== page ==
Teagan Littlechief says she is still on cloud nine after winning the Saskatchewan Country Music Award for Indigenous Artist of the Year.
“It’s still kind of hard to believe, but I’m just going through the motions right now. It’s always been a dream of mine, it’s always been a goal to someday win that award and this year was just the icing on the cake,” Littlechief said.
The singer from White Bear First Nation said that she’d been singing since she was five and joined the Saskatchewan Music Association about 20 years ago.
“Ever since I was little, I’ve always wanted to hold an award in my hand for something big. I mean a shampoo bottle, anything, always holding something (thinking) one day I want to win this award,” Littlechief said.
Littlechief said her mom always knew she could sing, that she was musically inclined. Her preschool teacher also said, “Get this girl into music lessons.”
“So that’s what happened,” Littlechief said. “I got into music lessons at the age of five or six, and I was in music lessons till I was about 13, 14 and I started entering contests. I got into a few radio contests, I won those.”
She then went on to perform at Voices of the North in Prince Albert and did her first recording at the age of 12. She also took part in Canadian Idol and made it to the top 100.
The journey wasn’t all sunshine and roses for Littlechief, though. She had many challenges along the way.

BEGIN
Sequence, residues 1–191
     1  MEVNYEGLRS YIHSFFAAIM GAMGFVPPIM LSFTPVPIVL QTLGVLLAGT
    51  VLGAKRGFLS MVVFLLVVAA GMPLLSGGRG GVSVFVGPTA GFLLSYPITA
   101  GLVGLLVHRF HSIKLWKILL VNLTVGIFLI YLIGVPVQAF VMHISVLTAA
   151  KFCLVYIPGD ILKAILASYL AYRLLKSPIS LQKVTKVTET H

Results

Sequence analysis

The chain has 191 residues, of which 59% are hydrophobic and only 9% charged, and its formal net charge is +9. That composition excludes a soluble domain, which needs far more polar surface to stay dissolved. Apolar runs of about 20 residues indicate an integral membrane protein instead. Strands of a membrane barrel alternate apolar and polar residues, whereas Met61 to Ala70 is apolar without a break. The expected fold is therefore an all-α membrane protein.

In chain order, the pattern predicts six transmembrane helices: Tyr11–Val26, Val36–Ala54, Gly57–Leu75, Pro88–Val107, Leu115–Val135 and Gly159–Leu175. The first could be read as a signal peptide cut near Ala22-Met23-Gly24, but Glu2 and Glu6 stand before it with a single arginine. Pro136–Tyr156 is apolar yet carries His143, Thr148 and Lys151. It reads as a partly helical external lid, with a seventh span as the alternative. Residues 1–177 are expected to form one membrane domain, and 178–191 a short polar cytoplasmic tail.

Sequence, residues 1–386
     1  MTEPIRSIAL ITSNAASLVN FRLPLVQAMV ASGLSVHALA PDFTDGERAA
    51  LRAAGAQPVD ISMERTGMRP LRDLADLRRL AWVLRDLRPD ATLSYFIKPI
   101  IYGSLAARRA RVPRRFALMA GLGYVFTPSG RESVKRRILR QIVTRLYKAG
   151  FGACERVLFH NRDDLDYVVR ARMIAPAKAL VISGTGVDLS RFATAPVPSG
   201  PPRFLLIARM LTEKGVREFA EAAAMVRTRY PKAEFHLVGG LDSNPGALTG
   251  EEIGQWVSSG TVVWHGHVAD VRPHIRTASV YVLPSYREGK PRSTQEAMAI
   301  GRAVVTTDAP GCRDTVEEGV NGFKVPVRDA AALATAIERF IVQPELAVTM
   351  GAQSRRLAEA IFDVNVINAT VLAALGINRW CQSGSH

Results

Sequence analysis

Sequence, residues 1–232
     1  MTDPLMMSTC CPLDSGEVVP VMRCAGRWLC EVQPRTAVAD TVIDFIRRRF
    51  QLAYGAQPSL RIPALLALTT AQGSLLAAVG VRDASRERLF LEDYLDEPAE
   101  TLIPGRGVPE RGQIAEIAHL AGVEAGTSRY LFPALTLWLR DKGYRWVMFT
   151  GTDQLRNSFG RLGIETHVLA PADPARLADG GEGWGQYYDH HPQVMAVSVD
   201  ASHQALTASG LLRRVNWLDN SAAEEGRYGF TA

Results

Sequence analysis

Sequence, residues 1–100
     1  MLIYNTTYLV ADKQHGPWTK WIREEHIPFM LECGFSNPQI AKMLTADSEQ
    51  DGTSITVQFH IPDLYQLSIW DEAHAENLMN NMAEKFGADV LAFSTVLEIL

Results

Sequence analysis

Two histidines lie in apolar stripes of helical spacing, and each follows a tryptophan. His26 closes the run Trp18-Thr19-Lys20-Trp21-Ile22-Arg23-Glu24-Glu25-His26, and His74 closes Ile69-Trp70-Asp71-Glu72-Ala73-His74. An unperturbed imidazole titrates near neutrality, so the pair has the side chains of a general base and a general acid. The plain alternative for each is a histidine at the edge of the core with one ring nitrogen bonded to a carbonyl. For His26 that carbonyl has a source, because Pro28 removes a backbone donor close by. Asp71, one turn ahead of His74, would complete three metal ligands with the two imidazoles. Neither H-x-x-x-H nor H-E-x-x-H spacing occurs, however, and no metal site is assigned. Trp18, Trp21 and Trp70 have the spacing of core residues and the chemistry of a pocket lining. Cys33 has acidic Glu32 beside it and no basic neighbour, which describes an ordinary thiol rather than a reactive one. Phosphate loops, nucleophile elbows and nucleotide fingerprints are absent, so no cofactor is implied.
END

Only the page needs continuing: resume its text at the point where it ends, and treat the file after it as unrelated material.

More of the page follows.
“Back in 2015, I really struggled hard. I used to drink. Being an older teen, you know, I got kind of into drinking and stuff and it became a problem,” she said.
“But it was 2015 when I really hit rock bottom after losing my dad. And, you know, I struggled really hard with addiction and alcohol and drug addiction.”
Now that she’s sober she’s making up for lost time with her son and said he loves it. “Every minute he gets, he wants to be by my side, which is totally fine and I don’t mind it at all,” she said.
“You know, I feel like I missed him for three years,” she said.
Littlechief is also an addictions counsellor and youth support worker at White Bear First Nation and said that it’s an amazing feeling to be able to reach people who are going through something that she went through herself.
“I was lucky enough to have that support system when I was getting sober and you know, it’s just telling them I’m here if you think that nobody cares, if you think that your family doesn’t care or you don’t have any friends or anything, I’m here, just come talk to me,” she said.
“Let’s get to know each other and we’ll go from there. My story is probably just as similar to yours because at some point I’ve gone through it just like you.”
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